Talks about COVID-19 never seem to end. Recent news and talks about military conflicts, increased political tensions are sending ripples around the world contributing even further to the already volatile economic markets and high inflation rates.
Has COVID and post-pandemic affected Singaporeans and their mental health? Let’s find out.
Mental health stats in Singapore
Globally, mental health has declined since the COVID-19 pandemic began. In Singapore, 76% of those surveyed reported feeling sad or depressed and 65% reported feeling lonely. More than half of those surveyed felt that COVID-19 has somewhat or definitely changed their lives for the worse.
Based on an Institute of Mental Health (IMH) study conducted during the pandemic, about 50% of over 1000 participants identified risk of family members of friends getting infected by COVID-19, financial loss (such as losing work opportunities or having to take unpaid leave) and unemployment as the top sources of stress.
Pre-pandemic, a 2018 nationwide survey showed that one in seven Singaporeans have experienced a mental disorder in their lifetime. Major depression (1 in 16 people), alcohol abuse (1 in 24) and OCD (1 in 28) are the top three mental conditions people have.
A MOH COVID-19 mental wellness report stated that 80% of Singaporeans prefer to manage issues by themselves and not seek professional help for mental health issues related to the pandemic and 50% prefer to seek help from friends and family.
To add to this, Singapore also has the lowest prevalence of psychiatrists among wealthy nations with about 2.8 psychiatrists for every 100,000 Singaporeans, compared to 13.5 per 100,000 in Australia.
The good news is that 85% of Singaporeans believe professional help will provide them a better outcome. Another piece of good news is that Singaporeans are more aware of their mental health challenges and are seeking treatment earlier.
Youth (18-35) are particularly vulnerable to mental health issues in Singapore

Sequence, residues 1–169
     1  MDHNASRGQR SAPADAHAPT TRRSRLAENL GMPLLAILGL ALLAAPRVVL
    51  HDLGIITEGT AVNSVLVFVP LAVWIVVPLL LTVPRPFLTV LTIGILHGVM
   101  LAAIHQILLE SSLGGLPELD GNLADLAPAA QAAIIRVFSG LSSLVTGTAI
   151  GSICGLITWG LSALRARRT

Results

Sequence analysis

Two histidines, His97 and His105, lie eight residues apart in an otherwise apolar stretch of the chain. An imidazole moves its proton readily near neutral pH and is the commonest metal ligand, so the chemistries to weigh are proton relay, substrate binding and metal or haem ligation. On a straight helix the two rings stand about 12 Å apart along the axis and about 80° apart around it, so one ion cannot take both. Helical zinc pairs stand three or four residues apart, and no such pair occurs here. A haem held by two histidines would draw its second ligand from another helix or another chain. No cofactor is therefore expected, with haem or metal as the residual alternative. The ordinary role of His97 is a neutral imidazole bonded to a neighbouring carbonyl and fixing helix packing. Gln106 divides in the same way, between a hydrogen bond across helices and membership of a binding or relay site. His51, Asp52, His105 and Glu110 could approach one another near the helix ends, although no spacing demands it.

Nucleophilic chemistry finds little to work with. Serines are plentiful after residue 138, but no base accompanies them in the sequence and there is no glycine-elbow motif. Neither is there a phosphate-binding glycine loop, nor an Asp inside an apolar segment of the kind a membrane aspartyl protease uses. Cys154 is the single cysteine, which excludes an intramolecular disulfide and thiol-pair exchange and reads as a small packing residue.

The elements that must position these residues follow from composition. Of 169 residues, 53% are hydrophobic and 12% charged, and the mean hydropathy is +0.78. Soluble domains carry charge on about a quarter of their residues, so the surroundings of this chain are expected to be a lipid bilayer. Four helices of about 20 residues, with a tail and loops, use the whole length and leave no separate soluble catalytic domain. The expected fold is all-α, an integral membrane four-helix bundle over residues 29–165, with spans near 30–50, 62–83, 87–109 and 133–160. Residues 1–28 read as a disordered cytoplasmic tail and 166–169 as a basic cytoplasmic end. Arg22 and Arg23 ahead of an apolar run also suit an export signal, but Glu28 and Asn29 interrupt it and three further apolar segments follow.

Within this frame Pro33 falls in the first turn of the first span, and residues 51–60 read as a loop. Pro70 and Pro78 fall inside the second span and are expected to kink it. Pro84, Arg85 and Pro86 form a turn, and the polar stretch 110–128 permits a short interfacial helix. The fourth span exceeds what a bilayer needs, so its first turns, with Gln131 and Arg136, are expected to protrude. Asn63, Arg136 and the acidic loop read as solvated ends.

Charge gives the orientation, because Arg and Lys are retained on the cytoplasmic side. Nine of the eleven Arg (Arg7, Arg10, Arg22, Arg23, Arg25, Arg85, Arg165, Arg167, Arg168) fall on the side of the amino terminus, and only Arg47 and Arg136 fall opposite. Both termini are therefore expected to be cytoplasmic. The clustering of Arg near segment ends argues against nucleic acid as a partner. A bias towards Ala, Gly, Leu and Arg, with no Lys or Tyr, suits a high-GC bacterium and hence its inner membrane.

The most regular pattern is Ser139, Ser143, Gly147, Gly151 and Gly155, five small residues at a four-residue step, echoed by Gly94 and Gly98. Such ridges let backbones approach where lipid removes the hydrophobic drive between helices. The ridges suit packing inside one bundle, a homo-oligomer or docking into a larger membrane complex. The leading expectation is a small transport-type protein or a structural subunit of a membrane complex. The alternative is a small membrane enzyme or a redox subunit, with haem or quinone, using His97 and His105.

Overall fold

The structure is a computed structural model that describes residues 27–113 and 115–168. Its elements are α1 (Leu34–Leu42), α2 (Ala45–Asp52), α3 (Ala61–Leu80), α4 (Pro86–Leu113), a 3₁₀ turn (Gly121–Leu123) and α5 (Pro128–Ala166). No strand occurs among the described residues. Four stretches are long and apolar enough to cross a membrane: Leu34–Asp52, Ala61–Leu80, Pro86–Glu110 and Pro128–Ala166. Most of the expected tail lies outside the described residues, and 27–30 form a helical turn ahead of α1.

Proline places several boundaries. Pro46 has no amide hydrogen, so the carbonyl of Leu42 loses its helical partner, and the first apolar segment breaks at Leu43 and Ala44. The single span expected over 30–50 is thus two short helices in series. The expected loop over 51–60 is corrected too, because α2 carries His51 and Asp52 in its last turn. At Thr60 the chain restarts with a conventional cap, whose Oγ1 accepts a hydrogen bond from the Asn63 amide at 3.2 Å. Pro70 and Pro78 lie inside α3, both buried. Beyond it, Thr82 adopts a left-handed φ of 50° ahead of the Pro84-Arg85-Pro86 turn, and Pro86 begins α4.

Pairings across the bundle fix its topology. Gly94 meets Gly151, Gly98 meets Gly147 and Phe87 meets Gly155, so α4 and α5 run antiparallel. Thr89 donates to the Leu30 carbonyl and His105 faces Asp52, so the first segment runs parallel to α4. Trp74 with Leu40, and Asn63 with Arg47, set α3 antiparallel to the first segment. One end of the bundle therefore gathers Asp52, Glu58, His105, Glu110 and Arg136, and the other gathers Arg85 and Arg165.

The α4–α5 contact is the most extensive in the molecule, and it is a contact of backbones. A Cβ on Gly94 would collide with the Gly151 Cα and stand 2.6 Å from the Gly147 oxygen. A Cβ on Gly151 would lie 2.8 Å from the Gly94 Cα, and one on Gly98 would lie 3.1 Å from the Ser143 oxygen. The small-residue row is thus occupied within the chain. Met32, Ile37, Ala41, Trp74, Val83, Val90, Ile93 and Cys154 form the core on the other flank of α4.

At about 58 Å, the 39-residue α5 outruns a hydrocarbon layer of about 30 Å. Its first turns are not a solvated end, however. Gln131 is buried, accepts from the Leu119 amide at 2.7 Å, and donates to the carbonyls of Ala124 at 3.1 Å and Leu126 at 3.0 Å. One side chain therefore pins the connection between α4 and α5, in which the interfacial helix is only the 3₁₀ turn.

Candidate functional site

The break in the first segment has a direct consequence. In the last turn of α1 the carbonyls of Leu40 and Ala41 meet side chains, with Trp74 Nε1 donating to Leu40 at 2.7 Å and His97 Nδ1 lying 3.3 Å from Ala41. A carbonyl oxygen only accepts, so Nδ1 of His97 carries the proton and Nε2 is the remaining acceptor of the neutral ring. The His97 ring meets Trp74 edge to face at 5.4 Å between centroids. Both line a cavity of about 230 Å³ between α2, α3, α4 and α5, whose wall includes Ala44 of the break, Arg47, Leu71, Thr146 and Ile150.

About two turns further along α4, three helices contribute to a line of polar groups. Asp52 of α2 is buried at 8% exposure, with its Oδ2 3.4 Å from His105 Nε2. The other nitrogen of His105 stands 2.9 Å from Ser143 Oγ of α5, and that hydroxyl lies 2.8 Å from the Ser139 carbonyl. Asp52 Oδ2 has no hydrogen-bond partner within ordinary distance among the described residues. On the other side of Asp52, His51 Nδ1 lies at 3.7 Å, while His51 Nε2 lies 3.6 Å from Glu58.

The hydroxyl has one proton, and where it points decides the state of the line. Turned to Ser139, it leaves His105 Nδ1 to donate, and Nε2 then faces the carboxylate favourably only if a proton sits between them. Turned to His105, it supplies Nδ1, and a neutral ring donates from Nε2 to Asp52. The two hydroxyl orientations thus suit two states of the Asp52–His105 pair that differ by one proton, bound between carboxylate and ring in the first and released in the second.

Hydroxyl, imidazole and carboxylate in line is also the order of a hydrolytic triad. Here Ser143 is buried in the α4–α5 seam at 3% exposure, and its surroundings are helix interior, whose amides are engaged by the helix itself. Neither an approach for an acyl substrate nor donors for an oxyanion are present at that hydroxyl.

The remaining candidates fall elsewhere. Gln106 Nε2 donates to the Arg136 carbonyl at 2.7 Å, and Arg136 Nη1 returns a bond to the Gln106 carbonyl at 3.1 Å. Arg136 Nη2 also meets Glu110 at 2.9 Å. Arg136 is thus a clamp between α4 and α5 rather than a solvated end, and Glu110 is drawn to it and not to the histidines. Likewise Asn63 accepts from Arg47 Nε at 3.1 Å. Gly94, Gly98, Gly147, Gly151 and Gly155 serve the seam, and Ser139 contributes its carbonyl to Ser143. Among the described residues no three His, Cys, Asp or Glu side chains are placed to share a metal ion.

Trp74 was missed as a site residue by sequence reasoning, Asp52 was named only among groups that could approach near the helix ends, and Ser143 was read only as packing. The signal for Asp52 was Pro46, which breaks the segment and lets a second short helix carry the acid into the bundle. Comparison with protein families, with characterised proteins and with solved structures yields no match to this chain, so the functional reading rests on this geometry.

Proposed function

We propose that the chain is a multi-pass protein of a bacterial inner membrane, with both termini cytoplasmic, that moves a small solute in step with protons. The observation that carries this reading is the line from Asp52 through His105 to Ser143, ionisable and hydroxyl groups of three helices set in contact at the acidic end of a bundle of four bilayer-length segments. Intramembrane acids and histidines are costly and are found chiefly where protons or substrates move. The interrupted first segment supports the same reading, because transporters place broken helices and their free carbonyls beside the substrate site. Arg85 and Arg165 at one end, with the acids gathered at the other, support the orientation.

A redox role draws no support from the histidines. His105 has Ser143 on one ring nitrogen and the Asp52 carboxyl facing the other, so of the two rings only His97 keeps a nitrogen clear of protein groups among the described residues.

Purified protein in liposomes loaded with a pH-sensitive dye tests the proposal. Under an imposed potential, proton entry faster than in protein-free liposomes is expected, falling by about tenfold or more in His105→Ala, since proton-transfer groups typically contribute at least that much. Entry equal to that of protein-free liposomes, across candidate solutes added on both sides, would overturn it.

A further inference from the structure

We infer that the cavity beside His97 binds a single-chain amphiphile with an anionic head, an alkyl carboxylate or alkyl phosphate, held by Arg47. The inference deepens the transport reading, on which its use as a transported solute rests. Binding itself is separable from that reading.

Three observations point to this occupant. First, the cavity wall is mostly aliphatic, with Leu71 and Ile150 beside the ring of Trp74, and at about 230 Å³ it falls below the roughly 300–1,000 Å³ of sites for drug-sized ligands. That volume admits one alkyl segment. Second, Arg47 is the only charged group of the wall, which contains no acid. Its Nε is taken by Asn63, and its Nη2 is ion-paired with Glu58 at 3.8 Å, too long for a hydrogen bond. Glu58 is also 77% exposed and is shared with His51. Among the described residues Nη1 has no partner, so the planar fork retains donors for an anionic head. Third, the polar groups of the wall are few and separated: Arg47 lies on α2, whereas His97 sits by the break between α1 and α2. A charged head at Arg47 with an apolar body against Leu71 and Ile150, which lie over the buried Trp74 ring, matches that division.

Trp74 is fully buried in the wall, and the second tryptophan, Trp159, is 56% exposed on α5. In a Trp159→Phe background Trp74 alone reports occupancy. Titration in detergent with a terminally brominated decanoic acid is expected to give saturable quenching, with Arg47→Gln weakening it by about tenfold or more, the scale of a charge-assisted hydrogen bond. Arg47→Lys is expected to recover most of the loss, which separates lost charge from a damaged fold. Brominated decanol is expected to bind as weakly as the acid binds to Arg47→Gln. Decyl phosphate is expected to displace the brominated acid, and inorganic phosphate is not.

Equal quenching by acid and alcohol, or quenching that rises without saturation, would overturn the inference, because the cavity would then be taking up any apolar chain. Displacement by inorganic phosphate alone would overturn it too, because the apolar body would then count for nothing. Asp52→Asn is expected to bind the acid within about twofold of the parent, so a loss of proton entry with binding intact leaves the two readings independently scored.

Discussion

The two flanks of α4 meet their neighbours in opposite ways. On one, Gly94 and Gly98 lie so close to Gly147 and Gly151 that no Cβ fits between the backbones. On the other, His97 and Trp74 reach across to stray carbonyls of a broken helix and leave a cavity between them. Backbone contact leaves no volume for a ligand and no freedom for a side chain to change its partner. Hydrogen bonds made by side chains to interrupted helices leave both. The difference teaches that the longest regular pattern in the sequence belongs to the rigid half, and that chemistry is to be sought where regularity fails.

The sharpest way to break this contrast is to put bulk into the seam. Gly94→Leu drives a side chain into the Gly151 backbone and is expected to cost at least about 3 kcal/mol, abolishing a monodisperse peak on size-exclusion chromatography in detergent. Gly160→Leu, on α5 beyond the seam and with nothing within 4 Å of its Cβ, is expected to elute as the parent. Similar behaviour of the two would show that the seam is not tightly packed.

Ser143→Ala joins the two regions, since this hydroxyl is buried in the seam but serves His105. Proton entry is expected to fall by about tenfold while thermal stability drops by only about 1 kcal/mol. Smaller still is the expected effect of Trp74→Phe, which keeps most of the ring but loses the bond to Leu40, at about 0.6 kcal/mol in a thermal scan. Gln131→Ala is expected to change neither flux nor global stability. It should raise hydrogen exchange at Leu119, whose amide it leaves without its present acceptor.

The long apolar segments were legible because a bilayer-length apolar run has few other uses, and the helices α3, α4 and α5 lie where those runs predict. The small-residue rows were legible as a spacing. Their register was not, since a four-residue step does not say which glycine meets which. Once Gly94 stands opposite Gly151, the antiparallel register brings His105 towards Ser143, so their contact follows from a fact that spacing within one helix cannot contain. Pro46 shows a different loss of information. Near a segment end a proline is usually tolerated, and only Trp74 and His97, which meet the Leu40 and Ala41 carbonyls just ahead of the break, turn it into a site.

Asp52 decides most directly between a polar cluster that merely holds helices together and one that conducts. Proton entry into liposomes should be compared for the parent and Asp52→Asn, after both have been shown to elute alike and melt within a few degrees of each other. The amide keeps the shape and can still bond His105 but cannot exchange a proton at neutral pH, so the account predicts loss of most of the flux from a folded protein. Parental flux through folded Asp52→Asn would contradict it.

The Institute of Mental Health has commissioned a multi-year study in September 2022 which will examine the state of mental health in youth.
Youth are particularly vulnerable to mental health issues as Singaporeans develop their mental disorders during their teenage and early adulthood years.
According to an assistant chairman at the IMH, Dr. Dr Mythily Subramaniam, “Young people aged 18 – 34 years also had the highest proportion of mental disorders, and were more vulnerable to developing mood and anxiety disorders.”
Some factors that could potentially affect younger Singaporeans more prominently incllude:
The MEN in MENtal Health
The World Health Organization (WHO) defines mental health as “a state of well-being in which every individual realizes his or her own potential, can cope with the normal stresses of life, can work productively and fruitfully, and is able to make a contribution to his or her community.”
Mental health includes our emotional, psychological and social well-being. It affects how we think, feel and act. It also helps determine how we handle stress, relate to others and make choices.
Across different cultures, men are expected to provide financially for their family, which often means pursuing a stable career. In recent years, parental responsibilities are increasingly shared with fathers as more women join the workforce. Men are often stretched between their families and career – each expecting them to be fully present.